Governor makes takeout alcohol sales permanent for Kansas bars, restaurants

Concerns remain over correlation with drunk driving

By: - May 21, 2021 7:37 am

James Lucatero, general manager of Brew Bank, was excited to continue offering customers to-go alcohol for summer activities from the Topeka establishment. He said the option was essential to adapting amid the pandemic. (Noah Taborda/Kansas Reflector)

TOPEKA — A new law making the sale of to-go and drive-thru alcohol permanent in Kansas has a Topeka tap house management excited for new possibilities and increased revenue streams.

When the pandemic forced Brew Bank to shut its doors to indoor dining, a temporary allowance of to-go alcohol sales helped offset lost revenue. House Bill 2137, which Gov. Laura Kelly signed on Wednesday, removes the temporary permit for “refillable and sealable containers” ranging from 32 to 64 fluid ounces.

Under past Kansas law, alcohol retailers were only allowed to sell alcohol in the original, unopened container, and only microbreweries could sell refillable and sealable containers.

James Lucatero, general manager of Brew Bank, said this news was perfectly timed with the arrival of warm weather.

“It’s really cool that you can actually go do other things with the summer coming around the corner,” Lucatero said. “You can go camping and still be able to take a small bit of Brew Bank with you.”

The Kansas Legislature approved the bill in March with bipartisan backing as lawmakers hoped to continue the temporary relief for businesses hurt by the pandemic. Establishments will be required to cease the sale of these containers after 11 p.m.

The law also allows liquor stores to sell alcohol on Sundays between 9 a.m. and 8 p.m. and on Memorial Day, Independence Day and Labor Day. Previous law prohibited the sale of alcohol before noon on Sundays.

Lucatero had some additional ideas for how local governments could improve liquor laws beyond the pandemic. One suggestion: allowing people to carry open containers in downtown Topeka when Evergy Plaza reopens.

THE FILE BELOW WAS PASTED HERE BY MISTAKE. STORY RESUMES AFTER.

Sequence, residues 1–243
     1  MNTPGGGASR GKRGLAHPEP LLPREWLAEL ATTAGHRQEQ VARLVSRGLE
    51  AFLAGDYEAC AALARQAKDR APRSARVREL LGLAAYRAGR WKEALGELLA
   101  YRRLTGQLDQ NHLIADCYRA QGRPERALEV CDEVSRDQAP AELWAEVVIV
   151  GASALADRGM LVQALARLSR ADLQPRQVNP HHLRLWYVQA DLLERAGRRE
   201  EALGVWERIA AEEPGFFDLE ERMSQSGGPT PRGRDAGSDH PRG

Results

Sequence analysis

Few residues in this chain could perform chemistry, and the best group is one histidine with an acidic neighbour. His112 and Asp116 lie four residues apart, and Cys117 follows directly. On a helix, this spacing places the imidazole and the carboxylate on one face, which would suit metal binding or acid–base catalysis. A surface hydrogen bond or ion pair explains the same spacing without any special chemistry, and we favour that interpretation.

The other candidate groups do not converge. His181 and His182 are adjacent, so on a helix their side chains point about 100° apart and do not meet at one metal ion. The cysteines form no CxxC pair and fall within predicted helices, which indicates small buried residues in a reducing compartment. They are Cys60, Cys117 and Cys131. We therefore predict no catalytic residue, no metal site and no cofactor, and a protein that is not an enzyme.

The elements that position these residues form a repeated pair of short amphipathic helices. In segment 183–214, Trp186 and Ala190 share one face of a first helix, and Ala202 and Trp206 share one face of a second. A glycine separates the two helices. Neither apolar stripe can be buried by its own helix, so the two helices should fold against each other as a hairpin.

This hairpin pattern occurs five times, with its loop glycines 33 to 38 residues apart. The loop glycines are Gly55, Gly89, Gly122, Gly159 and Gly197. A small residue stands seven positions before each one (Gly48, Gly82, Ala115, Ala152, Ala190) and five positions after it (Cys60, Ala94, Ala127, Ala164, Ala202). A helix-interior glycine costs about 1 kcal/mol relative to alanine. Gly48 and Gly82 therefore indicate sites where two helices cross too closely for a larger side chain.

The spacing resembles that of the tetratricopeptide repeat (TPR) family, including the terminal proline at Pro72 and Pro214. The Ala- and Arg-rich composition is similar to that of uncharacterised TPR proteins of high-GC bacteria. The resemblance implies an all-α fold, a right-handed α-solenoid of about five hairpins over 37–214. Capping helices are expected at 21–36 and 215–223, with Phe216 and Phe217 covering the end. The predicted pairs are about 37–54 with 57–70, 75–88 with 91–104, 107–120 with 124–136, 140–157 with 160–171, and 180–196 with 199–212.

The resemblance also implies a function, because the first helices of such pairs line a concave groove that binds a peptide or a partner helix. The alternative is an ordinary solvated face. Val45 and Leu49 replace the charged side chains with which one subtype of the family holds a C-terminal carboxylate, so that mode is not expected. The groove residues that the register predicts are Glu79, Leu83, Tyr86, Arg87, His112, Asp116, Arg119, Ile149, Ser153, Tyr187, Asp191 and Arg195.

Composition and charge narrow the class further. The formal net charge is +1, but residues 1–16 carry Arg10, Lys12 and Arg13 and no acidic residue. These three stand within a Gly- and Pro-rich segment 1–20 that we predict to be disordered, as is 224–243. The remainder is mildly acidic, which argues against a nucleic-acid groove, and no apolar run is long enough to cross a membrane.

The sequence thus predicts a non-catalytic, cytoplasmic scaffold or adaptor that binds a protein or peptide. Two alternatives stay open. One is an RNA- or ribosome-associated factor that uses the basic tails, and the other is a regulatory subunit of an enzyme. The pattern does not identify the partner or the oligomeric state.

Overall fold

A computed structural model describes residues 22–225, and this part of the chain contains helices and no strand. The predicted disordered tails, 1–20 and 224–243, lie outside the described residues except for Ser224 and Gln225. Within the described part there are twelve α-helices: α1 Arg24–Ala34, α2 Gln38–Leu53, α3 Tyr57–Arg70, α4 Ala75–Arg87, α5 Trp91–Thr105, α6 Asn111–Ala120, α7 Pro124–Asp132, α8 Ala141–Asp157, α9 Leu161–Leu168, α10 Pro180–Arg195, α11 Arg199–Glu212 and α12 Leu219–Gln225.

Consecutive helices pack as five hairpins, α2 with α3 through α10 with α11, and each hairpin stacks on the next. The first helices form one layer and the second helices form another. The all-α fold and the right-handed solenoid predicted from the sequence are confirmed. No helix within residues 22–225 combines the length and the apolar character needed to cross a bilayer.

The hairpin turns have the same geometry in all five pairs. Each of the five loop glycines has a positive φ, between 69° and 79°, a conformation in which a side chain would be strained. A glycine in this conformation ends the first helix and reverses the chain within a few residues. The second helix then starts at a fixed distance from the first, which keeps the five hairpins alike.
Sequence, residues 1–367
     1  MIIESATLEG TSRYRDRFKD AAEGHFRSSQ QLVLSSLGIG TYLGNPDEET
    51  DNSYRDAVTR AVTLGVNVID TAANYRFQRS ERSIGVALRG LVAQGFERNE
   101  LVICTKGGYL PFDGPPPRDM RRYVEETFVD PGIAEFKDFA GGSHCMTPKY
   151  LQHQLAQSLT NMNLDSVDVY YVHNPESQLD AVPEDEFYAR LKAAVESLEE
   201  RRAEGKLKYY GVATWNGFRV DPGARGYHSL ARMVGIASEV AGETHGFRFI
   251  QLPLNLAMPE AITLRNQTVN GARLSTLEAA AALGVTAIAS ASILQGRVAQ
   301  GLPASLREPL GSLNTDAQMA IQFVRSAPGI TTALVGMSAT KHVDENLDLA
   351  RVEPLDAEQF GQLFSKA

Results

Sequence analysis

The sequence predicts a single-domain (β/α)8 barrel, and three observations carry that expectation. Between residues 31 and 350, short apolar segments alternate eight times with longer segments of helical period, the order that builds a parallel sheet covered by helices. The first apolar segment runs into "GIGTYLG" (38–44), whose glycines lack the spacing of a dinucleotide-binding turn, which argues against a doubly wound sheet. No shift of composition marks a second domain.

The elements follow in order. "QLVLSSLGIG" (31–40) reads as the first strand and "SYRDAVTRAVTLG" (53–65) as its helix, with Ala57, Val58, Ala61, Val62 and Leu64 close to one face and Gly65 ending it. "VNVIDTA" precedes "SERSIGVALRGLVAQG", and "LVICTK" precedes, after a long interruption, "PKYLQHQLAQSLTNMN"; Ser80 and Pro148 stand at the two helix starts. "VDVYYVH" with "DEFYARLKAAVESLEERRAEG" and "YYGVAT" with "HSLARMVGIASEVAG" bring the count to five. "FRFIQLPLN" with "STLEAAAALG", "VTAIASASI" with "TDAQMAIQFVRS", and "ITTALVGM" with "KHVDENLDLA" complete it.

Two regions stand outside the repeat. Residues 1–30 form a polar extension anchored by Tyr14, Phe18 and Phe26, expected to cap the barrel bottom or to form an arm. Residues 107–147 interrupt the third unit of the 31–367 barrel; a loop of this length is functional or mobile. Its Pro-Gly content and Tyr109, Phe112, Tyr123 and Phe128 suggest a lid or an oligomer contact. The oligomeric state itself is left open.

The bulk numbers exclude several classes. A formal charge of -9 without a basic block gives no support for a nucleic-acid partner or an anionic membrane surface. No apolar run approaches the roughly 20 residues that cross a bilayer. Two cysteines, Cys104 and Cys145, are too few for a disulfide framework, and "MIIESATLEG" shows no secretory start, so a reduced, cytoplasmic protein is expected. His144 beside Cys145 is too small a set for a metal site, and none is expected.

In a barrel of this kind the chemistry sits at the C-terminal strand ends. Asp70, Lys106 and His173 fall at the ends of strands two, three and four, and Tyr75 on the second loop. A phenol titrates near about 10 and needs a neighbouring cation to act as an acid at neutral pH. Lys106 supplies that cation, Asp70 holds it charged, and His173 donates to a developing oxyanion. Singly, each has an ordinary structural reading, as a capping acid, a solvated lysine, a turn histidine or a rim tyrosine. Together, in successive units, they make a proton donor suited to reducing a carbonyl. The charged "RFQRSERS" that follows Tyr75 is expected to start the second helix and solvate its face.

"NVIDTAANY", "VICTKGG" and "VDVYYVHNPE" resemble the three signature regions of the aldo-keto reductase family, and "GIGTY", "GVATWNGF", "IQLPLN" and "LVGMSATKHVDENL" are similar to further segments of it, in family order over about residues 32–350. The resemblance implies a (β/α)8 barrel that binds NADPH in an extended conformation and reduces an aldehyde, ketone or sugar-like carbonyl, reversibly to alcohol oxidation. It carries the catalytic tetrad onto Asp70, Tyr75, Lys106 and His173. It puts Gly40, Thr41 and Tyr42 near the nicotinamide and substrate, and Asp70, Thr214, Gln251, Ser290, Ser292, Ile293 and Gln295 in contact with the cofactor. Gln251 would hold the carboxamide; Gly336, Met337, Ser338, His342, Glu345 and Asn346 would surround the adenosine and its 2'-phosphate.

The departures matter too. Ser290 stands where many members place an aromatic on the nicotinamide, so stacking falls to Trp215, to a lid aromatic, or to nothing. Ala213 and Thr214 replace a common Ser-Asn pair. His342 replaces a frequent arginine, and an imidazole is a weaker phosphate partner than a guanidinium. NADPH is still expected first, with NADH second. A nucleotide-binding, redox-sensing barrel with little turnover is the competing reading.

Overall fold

“When the plaza has concerts, you’d be able to stop by Brew Bank and get a drink,” Lucatero said. “You can just take your beer or your cocktail with you and not have to be confined to being in that one spot. I think that would be huge.”

According to a recent survey by the National Restaurant Association, nearly 1 in 6 restaurants have closed either permanently or long-term, nearly 3 million employees are still out of work, and the industry is on track to lose $240 billion in sales through the end of 2021.

Testimony provided in support of the bill by the Kansas Restaurant and Hospitality Association indicated consumer spending in restaurants had decreased significantly since the onset of the pandemic.

Restaurant and bar owners are hopeful fewer barriers to alcohol sales will allow them to adapt to changing customer habits.

Still, some people remained skeptical of the safety risks associated with the new law. Lucas Renz, a Salina resident, said he had never used the to-go service but worried it could lead to increased drunken driving incidents.

“It depends on the statistics because if it is increasing drunk driving it may present an issue,” Renz said. “But, if it’s under control and there isn’t a correlation, then I can see why they would do that.”

Gov. Laura Kelly signed the bill into law along with bills addressing telemedicine and insurance.

“By expanding certain alcohol licenses and telemedicine opportunities, these bills will support our hospitality industry and continued economic recovery, along with the health and well-being of all Kansans,” Kelly said.

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Noah Taborda
Noah Taborda

Noah Taborda started his journalism career in public radio at KBIA in Columbia, Missouri, covering local government and producing an episode of the podcast Show Me The State while earning his bachelor’s degree in radio broadcasting at the University of Missouri School of Journalism. Noah then made a short move to Kansas City, Missouri, to work at KCUR as an intern on the talk show Central Standard and then in the newsroom, reporting on daily news and feature stories.

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